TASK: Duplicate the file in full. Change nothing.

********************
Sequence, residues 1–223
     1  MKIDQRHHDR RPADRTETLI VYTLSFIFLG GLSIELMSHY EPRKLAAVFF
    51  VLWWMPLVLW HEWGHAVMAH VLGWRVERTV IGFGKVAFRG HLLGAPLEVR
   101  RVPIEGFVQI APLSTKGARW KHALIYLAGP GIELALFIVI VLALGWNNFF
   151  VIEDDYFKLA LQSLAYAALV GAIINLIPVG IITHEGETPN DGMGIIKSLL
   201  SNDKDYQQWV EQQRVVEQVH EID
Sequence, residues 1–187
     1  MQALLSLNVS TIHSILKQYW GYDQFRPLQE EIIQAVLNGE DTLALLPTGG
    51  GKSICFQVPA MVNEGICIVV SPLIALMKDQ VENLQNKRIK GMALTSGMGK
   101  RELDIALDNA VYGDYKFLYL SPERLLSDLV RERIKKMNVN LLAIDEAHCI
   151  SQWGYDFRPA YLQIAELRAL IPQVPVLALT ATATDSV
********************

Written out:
Sequence, residues 1–223
     1  MKIDQRHHDR RPADRTETLI VYTLSFIFLG GLSIELMSHY EPRKLAAVFF
    51  VLWWMPLVLW HEWGHAVMAH VLGWRVERTV IGFGKVAFRG HLLGAPLEVR
   101  RVPIEGFVQI APLSTKGARW KHALIYLAGP GIELALFIVI VLALGWNNFF
   151  VIEDDYFKLA LQSLAYAALV GAIINLIPVG IITHEGETPN DGMGIIKSLL
   201  SNDKDYQQWV EQQRVVEQVH EID
Sequence, residues 1–187
     1  MQALLSLNVS TIHSILKQYW GYDQFRPLQE EIIQAVLNGE DTLALLPTGG
    51  GKSICFQVPA MVNEGICIVV SPLIALMKDQ VENLQNKRIK GMALTSGMGK
   101  RELDIALDNA VYGDYKFLYL SPERLLSDLV RERIKKMNVN LLAIDEAHCI
   151  SQWGYDFRPA YLQIAELRAL IPQVPVLALT ATATDSV